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MANUFACTURING


❱❱ Industrial 3D printing technology is at


the heart of the automatic manufacturing cell being developed as part of the NextGenAM project


Additive manufacturing set to go mainstream


The NextGenAM project aims to create automated 3D printing manufacturing cells for mainstream aerospace and automotive component production


A


dditive manufacturing specialists Premium Aerotec and EOS have been working with customers to develop an automated 3D printing cell for volume manufacturing of metallic components.


Additive manufacturing (AM) has been seen as a


complementary process for investigating component profiles and creating lightweight, high-strength parts from plastics, ceramics and even metals. The technology enables engineers to design more


creatively and to shed the constraints of traditional manufacturing processes. With AM, parts that once would have been unmanufacturable are now possible. Yet long processing times, frequent manual


intervention and post-processing have kept the technology out of reach for volume production. That could change under the NextGenAM project. The pilot project seeks to develop a digitalised


next-generation manufacturing line able to produce aluminium components for the automotive and aerospace sectors significantly more cost-effectively than is currently possible.


FULL AUTOMATION According to Premium Aerotec, the project involves an ingenious and scalable additive production chain that is fully automated through to the point where printed parts are mechanically sawn off the build platform. No manual work is needed at any stage of the process, from data preparation and powder supply through to the AM build process itself. The downstream post-processing has also been


extensively automated. A robot takes the build platform with the parts from the setup station and places it in a furnace for subsequent heat treatment. The same robot then removes the platform and


16 /// Testing & Test Houses /// June 2019


takes it to a 3D optical measurement system for quality assurance purposes. Finally, the build platform is conveyed to a saw, which separates the parts from it, making the components ready for use. The technical heart of the system is the EOS M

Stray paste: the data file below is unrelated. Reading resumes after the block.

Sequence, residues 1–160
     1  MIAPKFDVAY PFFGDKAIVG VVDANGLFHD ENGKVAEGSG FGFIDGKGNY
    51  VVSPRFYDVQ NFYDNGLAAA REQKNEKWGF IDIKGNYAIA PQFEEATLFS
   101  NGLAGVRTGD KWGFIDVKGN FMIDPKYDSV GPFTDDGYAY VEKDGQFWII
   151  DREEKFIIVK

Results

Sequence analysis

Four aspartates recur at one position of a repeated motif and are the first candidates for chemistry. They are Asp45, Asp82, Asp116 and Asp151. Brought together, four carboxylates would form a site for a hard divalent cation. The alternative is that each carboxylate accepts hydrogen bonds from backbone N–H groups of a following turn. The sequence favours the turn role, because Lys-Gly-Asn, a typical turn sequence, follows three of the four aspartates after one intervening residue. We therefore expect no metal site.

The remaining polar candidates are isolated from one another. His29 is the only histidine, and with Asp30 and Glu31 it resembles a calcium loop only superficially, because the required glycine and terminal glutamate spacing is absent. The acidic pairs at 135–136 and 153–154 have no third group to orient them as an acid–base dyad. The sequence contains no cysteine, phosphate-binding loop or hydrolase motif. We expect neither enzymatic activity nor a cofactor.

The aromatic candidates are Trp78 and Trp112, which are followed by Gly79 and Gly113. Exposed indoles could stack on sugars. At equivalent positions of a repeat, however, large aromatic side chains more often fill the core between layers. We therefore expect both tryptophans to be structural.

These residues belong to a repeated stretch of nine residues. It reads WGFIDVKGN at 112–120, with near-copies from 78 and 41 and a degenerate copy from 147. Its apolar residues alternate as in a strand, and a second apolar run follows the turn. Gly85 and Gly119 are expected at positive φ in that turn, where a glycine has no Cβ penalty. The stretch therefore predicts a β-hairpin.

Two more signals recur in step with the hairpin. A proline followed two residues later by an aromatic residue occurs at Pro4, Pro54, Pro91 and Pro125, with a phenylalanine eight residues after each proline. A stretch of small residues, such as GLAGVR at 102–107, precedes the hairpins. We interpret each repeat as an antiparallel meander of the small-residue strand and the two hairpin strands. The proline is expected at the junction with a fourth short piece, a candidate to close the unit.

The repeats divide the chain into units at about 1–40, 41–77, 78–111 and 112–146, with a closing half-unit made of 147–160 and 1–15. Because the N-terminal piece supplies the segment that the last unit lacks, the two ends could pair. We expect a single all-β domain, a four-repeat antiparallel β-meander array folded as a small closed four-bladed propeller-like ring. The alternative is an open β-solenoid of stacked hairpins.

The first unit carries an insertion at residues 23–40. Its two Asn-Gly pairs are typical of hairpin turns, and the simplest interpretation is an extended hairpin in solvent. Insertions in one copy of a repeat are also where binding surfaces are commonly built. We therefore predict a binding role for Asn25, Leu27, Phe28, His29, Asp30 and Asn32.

400-4 four-laser system for industrial 3D printing using metal materials. A driverless transport system and robots ensure the smooth movement of the parts through every stage of the production line. The entire production process runs itself, without operating personnel, from a central, autonomous control station. Dr Adrian Keppler, CEO of EOS, says: “The


NextGenAM project provides a very tangible demonstration of how industrial 3D printing can be used cost-effectively in series production as part of an automated process chain.”


FUTURE OUTLOOK Of the components that have been tried out, NextGenAM has so far yielded good results in terms of quality output and manufacturing costs. To develop the technology further, the team now needs to ensure that products produced meet the exacting standards of the industries most likely to use the technology. One automotive industry partner involved sees


significant advantages in using the production cell for manufacturing replacement parts on demand, as well as for producing lighter weight components for the new generation of electric vehicles. All of this is possible with the right accreditation. Once testing and verification has been completed,


automated AM cells could become a standard feature in the automotive industry. T&TH


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